Alcoholic Beverages and Breast Cancer: Some Observations on Published Case-Control Studies
We identified 38 case-control studies investigating possible associations between alcoholic beverage consumption and cancer of the female breast. Each study was characterized according to design features such as: control type (hospital or community based), risk factors controlled for, matching strategy, and statistical power. We examined the effect of these design variables on several outcome variables including identification of any significant elevation in odds ratio and characterization of any dose-response effect. The major finding of this study is that of a striking difference between hospital and community based controlled studies with respect to (1) the level of any estimated dose-response effect, and (2) the finding of statistically significant elevations in odds ratios at levels of consumption below 4 drinks per week. In summary, the generally weak associations reported in these case-control studies along with the measurement and/or selection biases implied by our findings would lead one to the conclusion that present evidence does not support a causal association. This conclusion seems to be in accord with results from cohort studies and with similar conclusions from several other reviews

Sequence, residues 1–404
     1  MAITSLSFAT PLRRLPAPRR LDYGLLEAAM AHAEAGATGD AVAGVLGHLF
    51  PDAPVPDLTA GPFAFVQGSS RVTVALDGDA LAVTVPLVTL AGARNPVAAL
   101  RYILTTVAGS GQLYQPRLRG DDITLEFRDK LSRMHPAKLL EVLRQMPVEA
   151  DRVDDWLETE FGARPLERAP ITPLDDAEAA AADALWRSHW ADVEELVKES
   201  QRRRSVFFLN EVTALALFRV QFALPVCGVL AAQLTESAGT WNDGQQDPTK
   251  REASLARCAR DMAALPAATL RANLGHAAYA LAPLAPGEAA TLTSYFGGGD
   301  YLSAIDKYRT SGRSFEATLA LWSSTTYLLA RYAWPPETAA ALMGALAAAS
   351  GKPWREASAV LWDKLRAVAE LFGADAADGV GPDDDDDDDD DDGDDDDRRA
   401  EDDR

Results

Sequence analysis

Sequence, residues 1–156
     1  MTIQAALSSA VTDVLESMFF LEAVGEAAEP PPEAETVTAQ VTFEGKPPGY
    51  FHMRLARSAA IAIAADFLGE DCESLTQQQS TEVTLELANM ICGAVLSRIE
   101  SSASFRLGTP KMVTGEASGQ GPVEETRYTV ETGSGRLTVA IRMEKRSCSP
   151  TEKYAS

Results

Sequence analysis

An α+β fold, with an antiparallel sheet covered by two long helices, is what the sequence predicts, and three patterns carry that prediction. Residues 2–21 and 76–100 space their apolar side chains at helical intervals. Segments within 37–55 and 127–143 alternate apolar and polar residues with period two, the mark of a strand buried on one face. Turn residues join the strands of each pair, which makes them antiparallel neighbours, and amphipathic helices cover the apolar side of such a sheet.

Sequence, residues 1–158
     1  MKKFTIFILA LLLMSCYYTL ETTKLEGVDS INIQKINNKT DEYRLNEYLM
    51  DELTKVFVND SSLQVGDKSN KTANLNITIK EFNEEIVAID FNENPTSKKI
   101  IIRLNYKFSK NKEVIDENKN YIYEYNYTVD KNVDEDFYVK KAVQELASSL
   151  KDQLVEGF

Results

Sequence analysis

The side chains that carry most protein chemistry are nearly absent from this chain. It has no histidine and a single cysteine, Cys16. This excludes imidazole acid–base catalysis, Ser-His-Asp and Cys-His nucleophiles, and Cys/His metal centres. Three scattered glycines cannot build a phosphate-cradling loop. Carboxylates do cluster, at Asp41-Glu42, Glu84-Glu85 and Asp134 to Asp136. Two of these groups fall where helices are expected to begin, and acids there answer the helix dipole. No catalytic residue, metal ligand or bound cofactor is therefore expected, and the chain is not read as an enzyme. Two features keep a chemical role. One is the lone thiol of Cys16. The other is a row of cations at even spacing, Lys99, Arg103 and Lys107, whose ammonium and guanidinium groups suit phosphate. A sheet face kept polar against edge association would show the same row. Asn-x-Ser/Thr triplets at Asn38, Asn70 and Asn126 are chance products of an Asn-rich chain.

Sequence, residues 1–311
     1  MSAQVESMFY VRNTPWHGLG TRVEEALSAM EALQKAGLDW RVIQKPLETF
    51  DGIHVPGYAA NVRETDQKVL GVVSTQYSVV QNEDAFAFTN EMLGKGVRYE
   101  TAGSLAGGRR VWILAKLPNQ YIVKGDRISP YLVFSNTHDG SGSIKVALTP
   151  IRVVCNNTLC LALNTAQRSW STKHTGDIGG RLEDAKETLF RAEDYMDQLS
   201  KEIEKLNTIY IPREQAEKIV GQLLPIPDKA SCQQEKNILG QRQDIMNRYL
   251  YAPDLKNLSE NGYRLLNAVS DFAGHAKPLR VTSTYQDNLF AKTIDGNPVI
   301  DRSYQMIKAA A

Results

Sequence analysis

Roth, HD., Levy, P., Shi, L., & Post, E. (1994). Alcoholic Beverages and Breast Cancer: Some Observations on Published Case-Control Studies. Journal of Clinical Epidemiology, 47(2), 207-216.